Unless you’ve been living under a space rock this holiday season, you’ve likely heard a familiar refrain:
I don’t want a lot for Christmas
There is just one thing I need
I don’t care about the presents
Underneath the Christmas tree
I just want you for my own
More than you could ever know
Make my wish come true
All I want for Christmas is you, yeah.
Now, are these Mariah Carey lyrics? Or the feelings of your average B2B marketer about predictive lead scoring?
It should be said that data modeling, which “predictive marketing” and other buzzwords are simply marketing-speak for, is a proven process. There is no way to understand what will be than to take a Polar Bear Plunge into what was.
Traditional lead scoring, meaning a score threshold which is established by a “best guess” of marketing and sometimes in a joint effort with sales, isn’t worth the matrix it’s often written in. One-dimensional, opinionated data (like scoring certain job titles above others) can create structure, but it doesn’t create a model.
Lead scoring has traditionally been facilitated by marketing automation, or even manually via “first blush” glances. The problem is this: that approach only takes into account the data that either resides in CRM, or “behavioral activity” that happens on a web property the scoring organization owns. That’s a huge selection bias.
To a create scoring model that truly provides value, we need to add a few things. First, we have to bring both positive and negative outcomes to the model so we can correlate those outcomes to the data we have on the buyer. Next, we need a TON more data. Predictive lead scoring provides both and therefore yields a much more reliable outcome.
Getting up to speed, what happened in 2015?
The biggest trend, aside from the simple fact that predictive has burst onto the scene in a big way, is predictive score as a function of demand generation. Ultimately, marketers know what their ideal leads look like and therefore they can use non-traditional data sources to go find more of those “A” leads.
Like most technologies in marketing, new tools always are mistaken for lead generation at first and in their second maturity cycle they are adopted as a more attributive strategy. Predictive lead scoring is no different.
A combination of predictive lead scoring and the entire notion of automation qualified leads will ultimately help marketers uncover their best customers. But they will need to use core tenets like marketing automation and account-based marketing to engage those buyers in a hyper-personalized way.
Using outbound to “tackle” predictive lead scoring-identified buyers is no different than cold calling, the best organizations already know this.
What you need to know before the champagne is served for 2016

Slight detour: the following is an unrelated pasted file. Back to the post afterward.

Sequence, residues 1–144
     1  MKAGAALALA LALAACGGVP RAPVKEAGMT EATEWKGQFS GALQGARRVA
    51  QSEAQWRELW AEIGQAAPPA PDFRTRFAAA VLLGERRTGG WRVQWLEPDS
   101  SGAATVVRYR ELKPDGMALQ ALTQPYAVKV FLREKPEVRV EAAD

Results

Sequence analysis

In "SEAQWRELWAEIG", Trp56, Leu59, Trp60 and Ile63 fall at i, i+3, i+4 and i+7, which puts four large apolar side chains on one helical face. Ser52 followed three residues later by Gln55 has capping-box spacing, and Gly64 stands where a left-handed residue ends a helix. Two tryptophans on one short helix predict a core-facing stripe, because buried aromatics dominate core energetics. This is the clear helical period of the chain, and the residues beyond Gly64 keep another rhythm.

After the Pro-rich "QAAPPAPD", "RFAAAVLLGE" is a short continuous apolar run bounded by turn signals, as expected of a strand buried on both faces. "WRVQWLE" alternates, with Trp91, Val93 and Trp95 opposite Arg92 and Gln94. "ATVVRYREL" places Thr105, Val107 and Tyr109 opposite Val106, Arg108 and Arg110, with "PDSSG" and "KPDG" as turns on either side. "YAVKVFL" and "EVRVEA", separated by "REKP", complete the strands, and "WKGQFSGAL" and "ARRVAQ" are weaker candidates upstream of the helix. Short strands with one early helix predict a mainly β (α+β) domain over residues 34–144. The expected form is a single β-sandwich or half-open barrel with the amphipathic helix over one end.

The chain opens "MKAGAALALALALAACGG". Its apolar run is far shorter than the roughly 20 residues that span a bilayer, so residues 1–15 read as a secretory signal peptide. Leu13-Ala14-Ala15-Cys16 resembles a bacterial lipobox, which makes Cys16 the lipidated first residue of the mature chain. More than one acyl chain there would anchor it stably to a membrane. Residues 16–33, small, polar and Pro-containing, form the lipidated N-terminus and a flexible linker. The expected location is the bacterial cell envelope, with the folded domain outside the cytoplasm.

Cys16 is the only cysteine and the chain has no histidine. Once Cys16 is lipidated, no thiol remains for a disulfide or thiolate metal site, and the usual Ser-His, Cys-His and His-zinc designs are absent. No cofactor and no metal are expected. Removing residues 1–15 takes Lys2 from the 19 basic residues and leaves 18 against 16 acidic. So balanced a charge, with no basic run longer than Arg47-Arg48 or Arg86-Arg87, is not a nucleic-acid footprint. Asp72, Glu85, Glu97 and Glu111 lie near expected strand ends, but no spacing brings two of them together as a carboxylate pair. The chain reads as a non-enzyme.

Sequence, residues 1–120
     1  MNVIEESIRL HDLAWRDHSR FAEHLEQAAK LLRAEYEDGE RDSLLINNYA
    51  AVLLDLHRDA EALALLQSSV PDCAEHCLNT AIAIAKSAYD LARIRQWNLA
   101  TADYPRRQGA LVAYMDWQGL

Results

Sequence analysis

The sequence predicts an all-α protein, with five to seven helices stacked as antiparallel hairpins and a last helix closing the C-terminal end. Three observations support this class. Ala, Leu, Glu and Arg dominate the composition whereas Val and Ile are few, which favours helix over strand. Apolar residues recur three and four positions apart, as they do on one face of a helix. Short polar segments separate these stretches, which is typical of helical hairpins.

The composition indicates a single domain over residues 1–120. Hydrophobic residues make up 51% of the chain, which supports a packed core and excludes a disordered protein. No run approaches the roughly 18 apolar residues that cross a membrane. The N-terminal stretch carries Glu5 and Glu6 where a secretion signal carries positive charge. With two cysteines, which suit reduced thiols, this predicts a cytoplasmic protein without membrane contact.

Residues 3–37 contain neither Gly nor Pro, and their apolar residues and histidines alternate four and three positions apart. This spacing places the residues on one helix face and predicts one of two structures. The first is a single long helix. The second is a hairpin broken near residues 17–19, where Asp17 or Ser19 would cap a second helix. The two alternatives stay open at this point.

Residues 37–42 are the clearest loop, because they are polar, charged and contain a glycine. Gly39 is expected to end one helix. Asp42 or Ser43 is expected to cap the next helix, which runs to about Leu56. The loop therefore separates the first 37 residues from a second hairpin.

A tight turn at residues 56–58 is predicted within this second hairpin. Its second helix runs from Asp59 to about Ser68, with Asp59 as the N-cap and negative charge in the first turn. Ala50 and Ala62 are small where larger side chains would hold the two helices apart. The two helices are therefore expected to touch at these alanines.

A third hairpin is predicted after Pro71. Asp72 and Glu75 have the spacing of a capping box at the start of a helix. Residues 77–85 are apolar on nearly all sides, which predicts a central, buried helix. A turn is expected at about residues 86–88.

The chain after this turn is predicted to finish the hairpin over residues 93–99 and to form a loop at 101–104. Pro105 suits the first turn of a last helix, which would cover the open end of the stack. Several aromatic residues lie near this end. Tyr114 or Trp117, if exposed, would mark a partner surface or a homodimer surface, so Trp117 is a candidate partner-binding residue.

The account-based marketing craze is upon us, with much of the the same fury as the predictive lead scoring bonanza. Both tools, along with marketing automation, are building the pillars of the tech stack. There’s going to be a good degree of consolidation from a technology perspective and it speaks to the need to create a highly process oriented buyer engagement strategy with all of these critical tools optimized.
Obviously, that’s easier said than done so the #1 area I would recommend executives invest in is education for the marketing department. No other area will yield as high of a result. We are putting some very complex technology in front of today’s marketing departments and we are asking them to learn on the job and it’s costing hundreds of millions of dollars not only in time and materials but opportunity costs.
At the end of the day if all we get out of this complex data science is the same as a well-targeted lead buy, we’re doing something wrong. The data will unlock a ton of great information on what creates your best buyer and what interests them – don’t get distracted by the first piece of low-hanging mistletoe.
Meet Justin Gray
Justin is a serial entrepreneur and the CEO and founder of LeadMD, the world’s largest revenue operations agency having implemented over half of the Marketo user base. Justin has made a career of launching successful companies and scaling them, with successful exits of over 200MM+ in the last decade. Justin’s latest endeavor launched in 2016 when he co-founded Six Bricks an online learning startup designed to combat employee and customer churn through experience-based education. Over the past 10 years, Justin has emerged as a strong voice for entrepreneurship, marketing and culture. As a recognized speaker, Justin has been published over 350 times in industry publications and holds his own column, Tribal Knowledge in Inc., while writing for Entrepreneur, Tech Crunch and others. Justin and his wife Jennifer met over marketing and three years later welcomed their son, Grayson, into the world in April of 2017.